The big day! Not (necessarily) the longest, but certainly the day with most climbing. From Rosedale to Traralgon, via a loop to the south.
Day four was also described as needing a decision: ride the standard 80km or so, or take the optional route to total about 120km. To add further colour, day four also included a section of unsealed road. How was it all?
It was a cross between an epic and an ordeal. As we finished breakfast, Rosedale rain began to fall. We hurried to put on a base layer, grab jackets, and zip shut our bags. The rain continued for the first three hours of riding.
Did I mention the unsealed road? Presumably the Grand Ridge Road provides wonderful views of the La Trobe Valley, and even to the coast. On a clear day! Today it was a wet, sandy logging road that was not ideal for skinny tyres. It was, however, effective in making my front mech sound like a chain-saw. The organisers provided the option of shuttle buses across this section for nervous riders (which meant they could not provide support for the optional longer route – a fair enough use of resources).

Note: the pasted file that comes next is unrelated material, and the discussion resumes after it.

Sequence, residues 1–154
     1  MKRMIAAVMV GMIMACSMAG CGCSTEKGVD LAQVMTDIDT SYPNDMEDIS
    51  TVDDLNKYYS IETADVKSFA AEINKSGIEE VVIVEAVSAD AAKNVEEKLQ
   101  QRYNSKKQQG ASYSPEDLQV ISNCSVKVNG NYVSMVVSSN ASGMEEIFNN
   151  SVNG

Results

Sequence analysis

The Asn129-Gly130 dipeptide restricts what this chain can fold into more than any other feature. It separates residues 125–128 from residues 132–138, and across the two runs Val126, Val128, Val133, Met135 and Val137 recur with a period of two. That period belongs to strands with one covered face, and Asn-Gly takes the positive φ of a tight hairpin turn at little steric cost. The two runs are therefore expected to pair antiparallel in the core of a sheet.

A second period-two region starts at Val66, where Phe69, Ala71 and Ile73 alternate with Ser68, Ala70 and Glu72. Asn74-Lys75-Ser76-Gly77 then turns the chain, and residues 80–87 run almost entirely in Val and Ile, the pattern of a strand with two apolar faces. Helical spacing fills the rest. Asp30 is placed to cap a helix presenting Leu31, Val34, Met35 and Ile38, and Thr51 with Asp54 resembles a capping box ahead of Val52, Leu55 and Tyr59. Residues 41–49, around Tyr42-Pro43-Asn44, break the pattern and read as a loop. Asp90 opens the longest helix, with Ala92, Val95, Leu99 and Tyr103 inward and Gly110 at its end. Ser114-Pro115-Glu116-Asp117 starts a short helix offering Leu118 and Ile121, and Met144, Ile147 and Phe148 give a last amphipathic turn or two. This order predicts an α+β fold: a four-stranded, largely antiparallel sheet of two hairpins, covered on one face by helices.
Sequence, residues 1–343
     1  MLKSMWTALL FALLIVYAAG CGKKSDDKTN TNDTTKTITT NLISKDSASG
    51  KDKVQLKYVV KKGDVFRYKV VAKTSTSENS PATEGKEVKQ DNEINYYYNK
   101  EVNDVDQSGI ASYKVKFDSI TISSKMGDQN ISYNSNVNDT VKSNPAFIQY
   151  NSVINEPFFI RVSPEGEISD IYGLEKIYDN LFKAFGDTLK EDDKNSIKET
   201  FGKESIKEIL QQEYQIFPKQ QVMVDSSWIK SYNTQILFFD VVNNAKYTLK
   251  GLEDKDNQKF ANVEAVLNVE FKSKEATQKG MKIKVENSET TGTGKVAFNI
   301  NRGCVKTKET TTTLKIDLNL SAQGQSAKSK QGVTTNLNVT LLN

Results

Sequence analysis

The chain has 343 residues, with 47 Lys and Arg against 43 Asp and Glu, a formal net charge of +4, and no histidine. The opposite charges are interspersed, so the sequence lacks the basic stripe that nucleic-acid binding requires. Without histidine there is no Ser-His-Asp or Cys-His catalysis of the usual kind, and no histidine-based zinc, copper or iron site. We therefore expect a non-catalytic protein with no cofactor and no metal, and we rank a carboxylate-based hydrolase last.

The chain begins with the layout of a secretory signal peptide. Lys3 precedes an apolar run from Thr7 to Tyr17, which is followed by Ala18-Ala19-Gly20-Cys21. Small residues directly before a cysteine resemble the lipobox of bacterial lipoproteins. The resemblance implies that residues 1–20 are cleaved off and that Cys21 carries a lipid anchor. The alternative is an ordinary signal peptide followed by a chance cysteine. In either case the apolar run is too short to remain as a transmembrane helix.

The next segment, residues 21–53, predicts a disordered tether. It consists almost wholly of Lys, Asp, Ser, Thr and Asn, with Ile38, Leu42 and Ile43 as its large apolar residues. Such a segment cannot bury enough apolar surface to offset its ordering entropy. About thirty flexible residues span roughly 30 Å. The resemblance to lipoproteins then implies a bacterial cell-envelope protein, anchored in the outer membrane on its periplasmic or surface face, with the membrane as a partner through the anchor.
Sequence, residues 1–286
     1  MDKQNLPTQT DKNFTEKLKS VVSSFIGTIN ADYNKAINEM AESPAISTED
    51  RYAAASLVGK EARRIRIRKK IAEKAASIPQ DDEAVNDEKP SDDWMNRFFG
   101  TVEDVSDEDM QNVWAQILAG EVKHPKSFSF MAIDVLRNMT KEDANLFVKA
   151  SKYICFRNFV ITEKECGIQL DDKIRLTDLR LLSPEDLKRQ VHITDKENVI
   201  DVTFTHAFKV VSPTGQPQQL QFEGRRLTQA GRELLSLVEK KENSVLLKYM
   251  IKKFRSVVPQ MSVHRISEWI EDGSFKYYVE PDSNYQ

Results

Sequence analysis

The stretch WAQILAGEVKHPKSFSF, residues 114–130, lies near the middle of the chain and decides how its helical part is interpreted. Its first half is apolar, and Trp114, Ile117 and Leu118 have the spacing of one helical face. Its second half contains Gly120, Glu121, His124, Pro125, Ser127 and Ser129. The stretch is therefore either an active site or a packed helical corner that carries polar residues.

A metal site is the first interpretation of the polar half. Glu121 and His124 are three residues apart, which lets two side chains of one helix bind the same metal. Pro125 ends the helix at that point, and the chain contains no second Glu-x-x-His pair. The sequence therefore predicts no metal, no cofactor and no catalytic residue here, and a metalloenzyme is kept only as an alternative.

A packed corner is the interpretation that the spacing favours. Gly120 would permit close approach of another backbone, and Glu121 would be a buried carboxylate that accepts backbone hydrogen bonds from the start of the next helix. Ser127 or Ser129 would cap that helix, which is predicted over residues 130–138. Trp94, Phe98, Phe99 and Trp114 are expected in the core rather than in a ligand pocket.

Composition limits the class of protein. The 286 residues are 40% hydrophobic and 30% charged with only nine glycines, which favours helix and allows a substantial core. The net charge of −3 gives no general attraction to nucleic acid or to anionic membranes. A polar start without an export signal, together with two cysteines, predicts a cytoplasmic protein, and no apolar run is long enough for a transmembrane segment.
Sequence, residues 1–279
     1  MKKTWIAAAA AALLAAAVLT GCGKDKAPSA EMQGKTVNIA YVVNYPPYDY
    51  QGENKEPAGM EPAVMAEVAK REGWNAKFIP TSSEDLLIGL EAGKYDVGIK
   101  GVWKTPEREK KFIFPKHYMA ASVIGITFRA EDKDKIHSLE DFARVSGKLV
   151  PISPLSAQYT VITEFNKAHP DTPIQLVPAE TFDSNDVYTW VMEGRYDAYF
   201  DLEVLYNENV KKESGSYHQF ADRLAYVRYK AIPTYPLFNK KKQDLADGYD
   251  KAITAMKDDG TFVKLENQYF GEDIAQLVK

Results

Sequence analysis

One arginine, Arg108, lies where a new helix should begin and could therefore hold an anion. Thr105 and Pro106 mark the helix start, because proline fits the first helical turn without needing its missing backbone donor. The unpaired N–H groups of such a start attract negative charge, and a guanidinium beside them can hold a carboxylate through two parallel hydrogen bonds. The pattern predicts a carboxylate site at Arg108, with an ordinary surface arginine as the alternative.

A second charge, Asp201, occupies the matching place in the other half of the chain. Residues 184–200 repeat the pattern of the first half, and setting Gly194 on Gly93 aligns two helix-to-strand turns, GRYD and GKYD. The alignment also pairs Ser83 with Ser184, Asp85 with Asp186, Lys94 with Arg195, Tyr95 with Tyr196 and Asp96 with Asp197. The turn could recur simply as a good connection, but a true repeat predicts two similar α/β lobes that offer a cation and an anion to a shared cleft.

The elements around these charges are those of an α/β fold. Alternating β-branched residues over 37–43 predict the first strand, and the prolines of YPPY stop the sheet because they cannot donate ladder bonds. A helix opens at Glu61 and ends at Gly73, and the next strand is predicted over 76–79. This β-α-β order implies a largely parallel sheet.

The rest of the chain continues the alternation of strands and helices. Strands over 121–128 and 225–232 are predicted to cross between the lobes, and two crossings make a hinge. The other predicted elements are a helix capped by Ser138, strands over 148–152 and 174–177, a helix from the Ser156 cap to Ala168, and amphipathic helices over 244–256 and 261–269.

But before this road, the climbs. Not especially serious. But then, the Great Vic is designed to include real riders, even off they’re not especially serious. I think we rose to over 700m. My GPS said I climbed over 1400m for the day (though I did double back a couple of times).
And the two juniors completed all I’ve just described, with great steadfastness.
We didn’t stay as three amigos today. At the base of the climb, we agreed the Nahum and Ruth would go at their own pace. Nahum left while Ruth got organised at the first rest spot. I planned to stay with Ruth, after giving her a few minutes’ start. This is where things became messy.
In jackets, we did not easily recognise each other. Apparently Ruth passed Nahum before I caught Ruth. With eyes only for Ruth, I didn’t see Nahum. At the top, I crested and hit the downhill faster than Ruth. Concerned I was too far ahead I turned and climbed back up the road, failing to spot Ruth as she went past. I guessed this was the problem, so joined the merry throng until the dirt road. ‘Surely Ruth can’t be ahead now,’ I mis-thought. So I slowly descended – to be surprised at finding Nahum. He told me about Ruth being ahead, so we trawled the sand together. Ruth toughed it out alone. Some effort! We caught her just after the 10km of unsealed road.
Sadly, Ruth was by now very cold. With little chance of heating up. After a frigid lunch stop, things were no better. So we joined a huge crowd in the local cafe waiting for heat-medical care-sag wagons.There were hundreds who pulled out at this point, some even being taken to hospital with hypothermia. Once Ruth was warmer and stable, she sent us off. Ruth did not reach the camp until near 8pm, in the last bus of sag-waggoners.
Tomorrow – rest day.
Me: 22 390km.
Him: 3977.6km (computer stopped working in the rain).